“A lot of people had made commitments at 55,” The Hill quoted an unnamed Republican congressman as saying after the meeting. “In other words, in the campaign, [Republican vulnerable members] said it wouldn’t affect your Medicare for retirees or near retirees for those 55 and up ... and [if] this budget forces them to renege on that, that would be problematic for many.”
On the other hand, Rep. Tom Cole went on the record to tell The Hill that the pledge was actually two years old and that window has already passed. “If we said we’d gotten what we’d wanted last year and the year before, [it] would have started at 55.”
But how bad will this actually be? I asked for a comment from Rep. Ryan’s office, which released a statement in response to the criticism:
“Chairman Ryan has made clear that the House Budget Committee will advance a responsible, balanced budget. Every family must balance its budget, and Washington should too. We invite the president and Senate Democrats to join us in this common-sense goal.
“With respect to Medicare, House Republicans will again put forward a real solution to protect and strengthen Medicare for current seniors future generations. His reforms ensure no changes for those in or near retirement, a sharp contrast to the real harm inflicted on seniors by the president’s health-care law. It will be interesting to see how Senate Democrats respond to the critical need to reform Medicare. After nearly four years without a budget, will leading Senate Democrats remain complicit in the looming bankruptcy of Medicare?”
A House GOP aide later told me that nothing had yet been carved into stone, describing the luncheon meeting as part of an ongoing collaborative effort. The shift from a 25-year time frame to 10 years for balancing the budget required an accelerated reform schedule, but he also stressed the package wouldn’t contain any dramatic cuts or policy changes from the previous Ryan reform package.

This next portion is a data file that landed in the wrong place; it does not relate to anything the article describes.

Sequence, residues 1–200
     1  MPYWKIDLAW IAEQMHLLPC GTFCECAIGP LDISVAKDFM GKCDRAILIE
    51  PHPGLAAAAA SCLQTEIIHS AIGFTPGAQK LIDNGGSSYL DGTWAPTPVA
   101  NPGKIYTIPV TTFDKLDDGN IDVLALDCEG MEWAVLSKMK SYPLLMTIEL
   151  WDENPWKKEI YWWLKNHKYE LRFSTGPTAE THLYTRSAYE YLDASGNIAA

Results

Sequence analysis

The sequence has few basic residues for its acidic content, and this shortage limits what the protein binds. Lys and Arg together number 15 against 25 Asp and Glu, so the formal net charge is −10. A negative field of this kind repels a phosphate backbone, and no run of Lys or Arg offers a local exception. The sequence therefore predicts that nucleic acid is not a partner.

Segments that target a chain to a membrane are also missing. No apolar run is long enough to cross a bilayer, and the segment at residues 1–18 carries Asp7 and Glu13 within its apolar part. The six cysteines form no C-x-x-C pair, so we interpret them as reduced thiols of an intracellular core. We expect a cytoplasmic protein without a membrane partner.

The general concepts will remain, including means-testing to make sure that support goes where it’s needed rather than to those who can afford to carry more of the cost. That is easier to do in Ryan’s fixed-contribution model than it is in the traditional fixed-benefits Medicare model we use today.
The context of American credit has to be kept in mind as well. The prolonged trajectory to budget balance in Ryan’s previous efforts would not have done much to bolster confidence in the dollar, or credit ratings for US debt. Entitlement reform requires changes to statutes rather than annual budgets, so the cost savings in that action are more reliable, but future Congresses could still undo those changes depending on the politics of the time – and 25 years creates a lot of opportunities.
A 10-year window provides a much shorter time frame for vigilance and a much better chance for successful completion of the reform. The faster these costs come under rational control, the more quickly investor confidence will return, and economic growth may even end up accelerating the end of budget deficits.
The debate is still somewhat premature. Ryan and the House Republican leadership still have to craft a formal budget proposal putting these concepts into action, and at that point we can see what kind of sacrifices need to be made to bring the debt crisis to heel. The longer we wait, though, the more we will have to ask from more Americans to fix the problem, and the more difficult it becomes to solve the problem at all.
Thankfully, at least a few of our elected officials are at least considering consequences in terms longer than just the closest manufactured crisis.